The island, which sits about 78 miles from Camp Pendleton, is managed by the Navy and houses a number of training facilities. 

The New York Times reports that two nearby amphibious vehicles witnessed the AAV sink and were able to positively identify the exact location.

 'The adjacent A.A.V.’s watched it go down, and at 26 tons, the assumption is that it went down to the bottom,' said Lt. Osterman. 

Two nearby AAV's witnessed the accident and were later able to help locate the exact area where the ship sank 

The Marines have suspended the use of AAV's on Friday and they vehicles were undergo inspections 

He estimated that oldest service member aboard was in their mid-30s and the youngest was near 18-years-old. 

The Marines and Sailor were wearing combat gear and flotation devices at the time. 

'This mishap is under investigation. We will share the results of it once it is complete,' said Gen. Berger. 

There are about 800 AAVs in the Marine's inventory and each weighs 26 tons and can carry up to 21 people.

In 2017, 15 Marines were injured when a AAV they were training in caught fire at Camp Pendleton. 

Marines have utilized the vehicles to move troops from water to land since the 1970s.  

The 15th Marine Expeditionary Unit said that they have notified all the families of the Marines and Sailor involved in the tragic accident

There are about 800 AAV's in the Marin'e inventory that can carry up to 21 people and each weighs 26 tons

Read more:
  • Marine Corps Suspends AAV Water Operations - Task & Purpose
  • Navy Undersea Search and Rescue Ship Joins Mission to Find 8 Missing from AAV Mishap - USNI News
  • 1 Marine Dead and 8 Others Are Missing After California Amphibious Vehicle Accident - The New York Times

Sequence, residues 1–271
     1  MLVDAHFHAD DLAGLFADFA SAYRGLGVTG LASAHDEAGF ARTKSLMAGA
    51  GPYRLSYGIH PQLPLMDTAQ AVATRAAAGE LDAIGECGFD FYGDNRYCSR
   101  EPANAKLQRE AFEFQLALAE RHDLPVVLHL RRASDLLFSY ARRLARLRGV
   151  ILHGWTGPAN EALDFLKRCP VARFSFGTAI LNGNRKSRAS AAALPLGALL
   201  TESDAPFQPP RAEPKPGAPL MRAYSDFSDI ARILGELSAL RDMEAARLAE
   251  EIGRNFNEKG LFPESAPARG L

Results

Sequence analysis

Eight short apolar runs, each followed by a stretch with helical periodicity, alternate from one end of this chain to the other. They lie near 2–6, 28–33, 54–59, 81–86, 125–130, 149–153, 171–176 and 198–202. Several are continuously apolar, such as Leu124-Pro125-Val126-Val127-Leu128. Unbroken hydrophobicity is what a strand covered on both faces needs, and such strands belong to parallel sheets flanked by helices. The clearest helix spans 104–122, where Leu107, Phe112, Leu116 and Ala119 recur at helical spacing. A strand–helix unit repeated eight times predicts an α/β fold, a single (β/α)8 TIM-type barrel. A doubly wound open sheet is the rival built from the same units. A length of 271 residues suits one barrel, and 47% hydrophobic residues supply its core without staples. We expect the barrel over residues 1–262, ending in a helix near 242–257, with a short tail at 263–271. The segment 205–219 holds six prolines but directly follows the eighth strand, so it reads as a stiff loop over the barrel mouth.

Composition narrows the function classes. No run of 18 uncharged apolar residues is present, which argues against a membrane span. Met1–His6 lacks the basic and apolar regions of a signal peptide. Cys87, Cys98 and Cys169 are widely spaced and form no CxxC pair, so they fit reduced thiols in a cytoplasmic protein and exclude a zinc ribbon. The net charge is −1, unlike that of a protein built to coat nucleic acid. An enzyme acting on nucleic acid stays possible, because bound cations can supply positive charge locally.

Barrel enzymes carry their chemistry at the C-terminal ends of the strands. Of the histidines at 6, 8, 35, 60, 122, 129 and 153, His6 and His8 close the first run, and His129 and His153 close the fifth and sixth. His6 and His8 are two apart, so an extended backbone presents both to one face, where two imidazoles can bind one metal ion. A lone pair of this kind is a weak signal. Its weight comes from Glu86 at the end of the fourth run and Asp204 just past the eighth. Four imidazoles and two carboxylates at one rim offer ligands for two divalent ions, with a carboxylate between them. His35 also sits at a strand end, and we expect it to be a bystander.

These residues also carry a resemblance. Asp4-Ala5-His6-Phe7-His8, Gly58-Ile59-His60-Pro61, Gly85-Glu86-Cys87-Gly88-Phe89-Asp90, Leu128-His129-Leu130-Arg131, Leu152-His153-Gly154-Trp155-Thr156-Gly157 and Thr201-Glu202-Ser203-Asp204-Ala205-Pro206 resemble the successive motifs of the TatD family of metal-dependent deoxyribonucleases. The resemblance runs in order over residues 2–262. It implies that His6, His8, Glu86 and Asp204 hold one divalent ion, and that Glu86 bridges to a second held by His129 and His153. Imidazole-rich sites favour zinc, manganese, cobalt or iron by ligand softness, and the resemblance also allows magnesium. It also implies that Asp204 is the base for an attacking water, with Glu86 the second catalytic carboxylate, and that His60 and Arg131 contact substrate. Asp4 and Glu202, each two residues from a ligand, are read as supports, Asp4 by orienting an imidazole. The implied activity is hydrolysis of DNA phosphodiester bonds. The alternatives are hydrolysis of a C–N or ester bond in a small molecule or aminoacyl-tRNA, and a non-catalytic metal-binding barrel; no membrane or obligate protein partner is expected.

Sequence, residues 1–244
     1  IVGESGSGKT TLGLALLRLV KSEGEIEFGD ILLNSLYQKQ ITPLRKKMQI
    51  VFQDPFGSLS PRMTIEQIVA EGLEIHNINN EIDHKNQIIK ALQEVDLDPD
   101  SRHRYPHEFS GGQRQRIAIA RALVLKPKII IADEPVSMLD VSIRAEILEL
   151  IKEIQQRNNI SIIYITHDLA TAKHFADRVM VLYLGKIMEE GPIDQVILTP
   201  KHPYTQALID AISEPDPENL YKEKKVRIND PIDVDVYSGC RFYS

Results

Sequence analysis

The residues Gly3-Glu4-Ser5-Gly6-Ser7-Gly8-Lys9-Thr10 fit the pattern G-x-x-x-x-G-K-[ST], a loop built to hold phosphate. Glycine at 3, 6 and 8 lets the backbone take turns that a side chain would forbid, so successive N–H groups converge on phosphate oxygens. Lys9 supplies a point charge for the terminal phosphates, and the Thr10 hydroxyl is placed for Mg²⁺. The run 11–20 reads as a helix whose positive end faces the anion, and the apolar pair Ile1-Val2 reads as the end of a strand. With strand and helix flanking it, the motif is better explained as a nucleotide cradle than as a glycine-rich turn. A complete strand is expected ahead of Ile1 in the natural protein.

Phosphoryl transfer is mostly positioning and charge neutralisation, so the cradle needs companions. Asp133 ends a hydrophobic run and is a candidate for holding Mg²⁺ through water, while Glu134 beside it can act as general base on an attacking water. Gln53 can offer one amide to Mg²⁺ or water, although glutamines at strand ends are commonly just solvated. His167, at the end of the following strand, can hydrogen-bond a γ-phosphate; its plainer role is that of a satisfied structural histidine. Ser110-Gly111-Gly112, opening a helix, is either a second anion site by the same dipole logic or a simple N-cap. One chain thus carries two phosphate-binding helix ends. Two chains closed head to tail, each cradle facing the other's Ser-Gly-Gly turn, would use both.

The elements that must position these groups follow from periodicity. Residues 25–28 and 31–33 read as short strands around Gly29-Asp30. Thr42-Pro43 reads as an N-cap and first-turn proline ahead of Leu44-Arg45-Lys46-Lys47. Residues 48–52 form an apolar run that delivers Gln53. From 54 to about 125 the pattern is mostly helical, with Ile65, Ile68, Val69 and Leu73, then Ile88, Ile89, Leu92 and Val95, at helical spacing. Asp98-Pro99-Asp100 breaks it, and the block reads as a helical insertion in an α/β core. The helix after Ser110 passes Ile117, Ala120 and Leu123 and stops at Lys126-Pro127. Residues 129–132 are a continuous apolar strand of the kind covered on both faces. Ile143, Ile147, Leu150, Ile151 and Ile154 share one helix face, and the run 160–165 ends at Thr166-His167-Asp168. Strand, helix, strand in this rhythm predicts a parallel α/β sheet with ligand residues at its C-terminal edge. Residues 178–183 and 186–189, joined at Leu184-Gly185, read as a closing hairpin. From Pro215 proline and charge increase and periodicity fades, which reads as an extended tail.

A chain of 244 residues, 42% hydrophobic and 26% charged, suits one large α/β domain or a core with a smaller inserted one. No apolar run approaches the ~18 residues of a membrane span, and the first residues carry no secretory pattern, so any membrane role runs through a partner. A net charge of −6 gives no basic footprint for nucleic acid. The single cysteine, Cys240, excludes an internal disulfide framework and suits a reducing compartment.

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Tags: amphibious assault vehicle marine expeditionary search and rescue clemente island the amphibious the marines the marines

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Irish fishermen rescue 2 paddleboarders missing at sea for 15 hours

(CNN)A fisherman and his son have been praised for saving the lives of two young paddleboarders who were found clinging to a lobster pot after going missing off the west coast of Ireland for 15 hours.

Patrick Oliver and his 18-year-old son, Morgan, found the pair near one of the Aran Islands, approximately 20 miles from where they were last seen. Cousins Ellen Glynn, 17, and Sara Feeney, 23, had gone paddleboarding off Furbo beach, close to the city of Galway, around 9 p.m. on Wednesday evening,
    After a strong northeasterly wind blew them out to sea and a family member who was watching lost sight of them, the lifeboat services were called, according to Mike Swan, the Galway RNLI Lifeboat Operations Manager. Swan told CNN that the crew on his lifeboat had to be changed three times throughout the night as they continued their search.Read MoreBreaking Paddleboard Records to Fight PollutionThey were helped in the search and rescue operation by other lifeboats from the surrounding area and by three Coast Guard rescue helicopters, the lifeboat service said in a statement. The Olivers joined the search on Thursday morning, eventually finding the paddleboarders roughly two miles southwest of Inis Oírr, the statement added. The women had been clinging to the lobster pots for four or five hours by that stage, Swan said.Speaking after she was rescued, Glynn told national broadcaster RTÉ: "We were quite sure that we were going to be found. The only thing I was worried about was just how cold we were -- we were shaking like leaves."The cousins were taken to hospital after their ordeal. Feeney was discharged on Thursday evening and Glynn is likely to be able to go home on Saturday morning, RTÉ reported. SOS in the sand saves Pacific island marinersDescribing the moment his team heard that the pair had been rescued, Swan told CNN: "We were on cloud nine. It's the best feeling ever because the whole station was involved."He added that Patrick Oliver, who found the paddleboarders, and three of his brothers were all volunteers for the RNLI. "It's in their blood." he said.